The role of the outsider plays a significant part in aiding our understanding of social class from seeing their interactions with the other characters. When we are first introduced to Heathcliff, he is called a “gypsy brat” and the fact that his class is unknown and he was found on the streets results in him becoming an outsider. All of the characters in "Wuthering Heights" hate Heathcliff but Earnshaw, who ensures that he is treated equally and is given the same educational opportunities as his other children. However, when Earnshaw passes away, Heathcliff is demoted to the status of a servant in a house full of masters and his education is cut off. In the meantime, we see that Heathcliff refuses to accept his demotion and he leaves for a few years and comes back with a big fortune of money. For revenge of his ill treatment in childhood he degrades others by restricting Hareton’s education and by marrying Isabella in order to torture Cathy and Edgar. Again we see the role of the outsider in "I'm not Scared" with Sergio. Sergio is a cruel character with only one thing on his mind, power. He manipulates all the men in Aqua Traverse to become weak, sadistic and manages to convince them all that their actions are acceptable. We learn through a conversation between Sergio and Michele that Sergio lives in Brazil. He believes that it is much better than Acqua Traverse. He often treats the men like dirt, and he clearly thinks he is better than everyone else. This is portrayed in a key scene when all the men of the town were talking around the kitchen table and Sergio continuingly continuously calls them stupid and does not show any respect for the family he is staying with.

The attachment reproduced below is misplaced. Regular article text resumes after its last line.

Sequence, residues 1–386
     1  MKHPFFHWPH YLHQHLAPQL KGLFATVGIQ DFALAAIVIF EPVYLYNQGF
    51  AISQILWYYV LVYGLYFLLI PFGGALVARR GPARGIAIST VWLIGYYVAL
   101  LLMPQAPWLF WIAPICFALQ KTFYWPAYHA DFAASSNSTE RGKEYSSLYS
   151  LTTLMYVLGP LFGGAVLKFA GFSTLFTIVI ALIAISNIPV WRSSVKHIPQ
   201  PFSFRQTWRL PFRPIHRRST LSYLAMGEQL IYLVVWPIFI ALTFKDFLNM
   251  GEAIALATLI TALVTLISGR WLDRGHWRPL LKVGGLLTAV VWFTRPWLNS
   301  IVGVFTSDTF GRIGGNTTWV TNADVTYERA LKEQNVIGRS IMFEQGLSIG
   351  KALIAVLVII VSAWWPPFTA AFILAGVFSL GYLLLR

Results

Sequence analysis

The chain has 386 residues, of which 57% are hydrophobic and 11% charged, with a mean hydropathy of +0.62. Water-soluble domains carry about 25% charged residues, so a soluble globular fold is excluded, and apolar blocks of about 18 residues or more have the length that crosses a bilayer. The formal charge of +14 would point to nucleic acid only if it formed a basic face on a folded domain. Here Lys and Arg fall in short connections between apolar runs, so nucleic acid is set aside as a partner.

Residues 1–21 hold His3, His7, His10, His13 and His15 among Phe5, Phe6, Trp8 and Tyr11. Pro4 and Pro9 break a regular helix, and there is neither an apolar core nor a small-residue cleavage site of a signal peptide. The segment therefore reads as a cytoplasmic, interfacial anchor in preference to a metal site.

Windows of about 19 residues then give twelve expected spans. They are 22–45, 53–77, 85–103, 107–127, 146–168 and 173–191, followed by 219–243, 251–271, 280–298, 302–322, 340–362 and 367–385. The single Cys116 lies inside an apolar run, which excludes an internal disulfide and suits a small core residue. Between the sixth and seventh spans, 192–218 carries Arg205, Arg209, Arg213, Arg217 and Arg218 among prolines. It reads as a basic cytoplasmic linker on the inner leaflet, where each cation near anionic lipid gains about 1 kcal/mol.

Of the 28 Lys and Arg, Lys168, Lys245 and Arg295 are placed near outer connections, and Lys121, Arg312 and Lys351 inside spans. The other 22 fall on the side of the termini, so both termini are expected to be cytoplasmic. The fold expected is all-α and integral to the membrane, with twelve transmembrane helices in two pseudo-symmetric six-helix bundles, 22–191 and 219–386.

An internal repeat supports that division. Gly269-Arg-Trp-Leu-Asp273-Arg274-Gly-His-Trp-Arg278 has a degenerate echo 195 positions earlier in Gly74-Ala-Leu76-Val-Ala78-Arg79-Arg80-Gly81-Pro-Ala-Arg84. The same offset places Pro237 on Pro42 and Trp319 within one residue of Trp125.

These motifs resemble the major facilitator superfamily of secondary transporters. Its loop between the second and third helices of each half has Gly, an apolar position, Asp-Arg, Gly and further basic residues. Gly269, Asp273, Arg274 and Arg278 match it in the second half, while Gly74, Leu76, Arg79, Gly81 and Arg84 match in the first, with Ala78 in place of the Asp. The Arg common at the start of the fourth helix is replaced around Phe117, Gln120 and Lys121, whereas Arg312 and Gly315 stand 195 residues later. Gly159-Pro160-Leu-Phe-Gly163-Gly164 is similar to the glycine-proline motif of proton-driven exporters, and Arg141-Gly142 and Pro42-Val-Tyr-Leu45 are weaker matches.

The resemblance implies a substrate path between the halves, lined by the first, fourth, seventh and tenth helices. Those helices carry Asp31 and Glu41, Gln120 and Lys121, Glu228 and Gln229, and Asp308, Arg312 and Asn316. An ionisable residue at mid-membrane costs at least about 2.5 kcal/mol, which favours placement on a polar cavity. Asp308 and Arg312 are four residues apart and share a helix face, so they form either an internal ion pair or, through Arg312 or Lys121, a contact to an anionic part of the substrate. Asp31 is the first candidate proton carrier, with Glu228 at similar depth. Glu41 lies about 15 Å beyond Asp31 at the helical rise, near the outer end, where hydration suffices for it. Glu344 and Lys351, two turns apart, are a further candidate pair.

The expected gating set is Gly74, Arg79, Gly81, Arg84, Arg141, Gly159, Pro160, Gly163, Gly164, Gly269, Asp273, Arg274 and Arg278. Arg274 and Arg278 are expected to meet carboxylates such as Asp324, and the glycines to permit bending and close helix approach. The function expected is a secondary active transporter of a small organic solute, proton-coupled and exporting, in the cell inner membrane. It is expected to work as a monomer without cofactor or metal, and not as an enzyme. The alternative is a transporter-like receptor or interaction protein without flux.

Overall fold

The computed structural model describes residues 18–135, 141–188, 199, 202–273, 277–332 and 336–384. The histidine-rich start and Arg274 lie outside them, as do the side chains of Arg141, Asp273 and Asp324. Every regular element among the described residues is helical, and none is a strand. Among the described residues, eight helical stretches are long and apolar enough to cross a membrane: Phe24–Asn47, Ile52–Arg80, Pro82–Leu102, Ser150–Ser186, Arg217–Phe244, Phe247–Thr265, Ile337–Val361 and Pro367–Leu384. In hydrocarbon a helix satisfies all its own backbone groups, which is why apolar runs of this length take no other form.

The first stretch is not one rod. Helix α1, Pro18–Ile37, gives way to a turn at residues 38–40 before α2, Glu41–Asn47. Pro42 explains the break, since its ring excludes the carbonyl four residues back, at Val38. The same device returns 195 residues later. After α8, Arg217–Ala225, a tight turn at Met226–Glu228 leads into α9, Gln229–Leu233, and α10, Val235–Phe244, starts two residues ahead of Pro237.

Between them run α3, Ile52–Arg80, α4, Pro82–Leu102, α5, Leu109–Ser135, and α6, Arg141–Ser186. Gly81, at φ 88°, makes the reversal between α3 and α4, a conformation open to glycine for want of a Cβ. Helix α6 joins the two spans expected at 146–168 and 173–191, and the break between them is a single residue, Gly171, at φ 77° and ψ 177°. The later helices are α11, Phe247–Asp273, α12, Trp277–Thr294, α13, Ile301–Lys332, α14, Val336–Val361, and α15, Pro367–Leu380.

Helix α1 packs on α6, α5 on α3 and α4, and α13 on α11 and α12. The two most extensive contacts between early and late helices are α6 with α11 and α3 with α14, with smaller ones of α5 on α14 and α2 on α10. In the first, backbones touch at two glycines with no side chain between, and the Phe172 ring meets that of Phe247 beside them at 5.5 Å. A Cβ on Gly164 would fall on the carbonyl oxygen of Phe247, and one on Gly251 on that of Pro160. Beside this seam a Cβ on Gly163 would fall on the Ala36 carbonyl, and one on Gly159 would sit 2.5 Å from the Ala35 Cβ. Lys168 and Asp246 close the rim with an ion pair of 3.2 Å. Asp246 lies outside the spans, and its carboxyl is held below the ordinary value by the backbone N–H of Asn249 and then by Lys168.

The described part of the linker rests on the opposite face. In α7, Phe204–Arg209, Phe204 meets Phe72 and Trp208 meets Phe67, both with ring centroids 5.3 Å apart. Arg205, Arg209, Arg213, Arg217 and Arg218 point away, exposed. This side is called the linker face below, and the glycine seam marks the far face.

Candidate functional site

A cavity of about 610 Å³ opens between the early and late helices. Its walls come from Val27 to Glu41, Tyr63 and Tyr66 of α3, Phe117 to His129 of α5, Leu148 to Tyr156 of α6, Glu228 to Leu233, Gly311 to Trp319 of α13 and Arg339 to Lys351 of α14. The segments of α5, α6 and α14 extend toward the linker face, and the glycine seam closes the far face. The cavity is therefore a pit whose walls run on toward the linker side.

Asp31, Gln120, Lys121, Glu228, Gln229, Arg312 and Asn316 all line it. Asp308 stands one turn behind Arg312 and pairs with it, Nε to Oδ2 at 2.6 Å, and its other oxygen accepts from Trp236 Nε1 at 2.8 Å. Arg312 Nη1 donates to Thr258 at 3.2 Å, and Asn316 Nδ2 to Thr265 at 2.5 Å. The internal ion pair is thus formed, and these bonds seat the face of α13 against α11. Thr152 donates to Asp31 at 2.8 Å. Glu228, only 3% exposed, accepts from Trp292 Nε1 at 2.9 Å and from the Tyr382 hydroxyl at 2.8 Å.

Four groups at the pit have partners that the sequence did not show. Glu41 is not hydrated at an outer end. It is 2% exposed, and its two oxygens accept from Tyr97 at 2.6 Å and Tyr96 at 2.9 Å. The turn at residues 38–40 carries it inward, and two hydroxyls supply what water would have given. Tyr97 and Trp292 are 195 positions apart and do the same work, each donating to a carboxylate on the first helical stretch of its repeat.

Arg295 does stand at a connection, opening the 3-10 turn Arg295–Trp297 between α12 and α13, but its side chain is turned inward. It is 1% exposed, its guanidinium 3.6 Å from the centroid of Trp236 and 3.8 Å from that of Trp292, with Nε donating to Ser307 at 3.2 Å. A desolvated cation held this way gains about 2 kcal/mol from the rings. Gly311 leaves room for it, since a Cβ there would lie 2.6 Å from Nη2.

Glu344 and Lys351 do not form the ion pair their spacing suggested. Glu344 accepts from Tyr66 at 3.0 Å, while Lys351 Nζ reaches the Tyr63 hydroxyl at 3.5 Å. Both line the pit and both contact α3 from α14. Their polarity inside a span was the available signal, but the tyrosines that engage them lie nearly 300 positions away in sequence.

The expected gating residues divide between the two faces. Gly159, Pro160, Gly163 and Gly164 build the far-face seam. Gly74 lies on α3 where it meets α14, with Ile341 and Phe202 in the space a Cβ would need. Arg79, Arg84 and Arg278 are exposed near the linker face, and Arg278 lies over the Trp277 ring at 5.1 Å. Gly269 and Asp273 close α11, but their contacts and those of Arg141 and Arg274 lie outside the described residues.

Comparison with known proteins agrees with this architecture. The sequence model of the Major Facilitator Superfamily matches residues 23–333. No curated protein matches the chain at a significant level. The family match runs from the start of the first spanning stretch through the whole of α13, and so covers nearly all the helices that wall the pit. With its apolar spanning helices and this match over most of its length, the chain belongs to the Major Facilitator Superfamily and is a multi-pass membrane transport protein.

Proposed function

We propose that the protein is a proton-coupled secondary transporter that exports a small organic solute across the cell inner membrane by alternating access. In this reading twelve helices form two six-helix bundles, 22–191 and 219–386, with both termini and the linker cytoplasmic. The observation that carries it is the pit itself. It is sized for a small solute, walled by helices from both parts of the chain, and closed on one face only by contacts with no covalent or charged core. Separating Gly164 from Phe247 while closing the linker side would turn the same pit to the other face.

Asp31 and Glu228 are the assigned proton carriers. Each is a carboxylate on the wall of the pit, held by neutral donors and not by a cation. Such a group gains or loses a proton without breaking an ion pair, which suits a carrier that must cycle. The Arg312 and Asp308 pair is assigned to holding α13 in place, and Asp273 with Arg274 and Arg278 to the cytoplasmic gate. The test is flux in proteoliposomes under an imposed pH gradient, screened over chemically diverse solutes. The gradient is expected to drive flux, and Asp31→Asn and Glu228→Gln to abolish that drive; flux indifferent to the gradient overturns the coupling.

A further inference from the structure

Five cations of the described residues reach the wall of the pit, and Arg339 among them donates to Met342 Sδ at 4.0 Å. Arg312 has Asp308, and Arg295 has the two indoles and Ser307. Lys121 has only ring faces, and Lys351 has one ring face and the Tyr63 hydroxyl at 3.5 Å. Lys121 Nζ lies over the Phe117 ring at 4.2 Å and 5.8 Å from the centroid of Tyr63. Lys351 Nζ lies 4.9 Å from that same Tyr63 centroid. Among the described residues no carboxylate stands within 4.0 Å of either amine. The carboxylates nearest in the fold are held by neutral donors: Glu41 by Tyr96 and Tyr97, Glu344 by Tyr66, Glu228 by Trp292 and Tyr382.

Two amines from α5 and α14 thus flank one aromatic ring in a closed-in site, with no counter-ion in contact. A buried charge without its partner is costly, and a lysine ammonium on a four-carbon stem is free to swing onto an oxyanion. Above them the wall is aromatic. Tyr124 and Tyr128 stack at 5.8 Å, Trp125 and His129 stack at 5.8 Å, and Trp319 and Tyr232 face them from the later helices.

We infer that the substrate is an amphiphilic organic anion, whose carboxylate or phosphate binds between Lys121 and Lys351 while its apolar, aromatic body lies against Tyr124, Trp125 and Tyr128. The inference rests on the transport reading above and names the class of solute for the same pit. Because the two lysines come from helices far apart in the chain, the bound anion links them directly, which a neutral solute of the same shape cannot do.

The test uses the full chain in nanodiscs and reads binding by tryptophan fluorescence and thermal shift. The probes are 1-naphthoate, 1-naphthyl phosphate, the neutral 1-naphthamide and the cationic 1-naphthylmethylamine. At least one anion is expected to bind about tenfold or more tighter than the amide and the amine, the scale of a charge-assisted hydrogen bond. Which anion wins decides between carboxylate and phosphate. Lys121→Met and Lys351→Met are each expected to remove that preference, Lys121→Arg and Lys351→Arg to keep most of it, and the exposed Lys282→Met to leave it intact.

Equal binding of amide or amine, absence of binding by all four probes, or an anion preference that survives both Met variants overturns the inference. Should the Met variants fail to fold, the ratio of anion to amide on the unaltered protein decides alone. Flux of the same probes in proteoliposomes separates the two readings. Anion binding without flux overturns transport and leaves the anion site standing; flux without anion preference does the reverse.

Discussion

I'm not scared Wuthering Heigths for Leaving Cert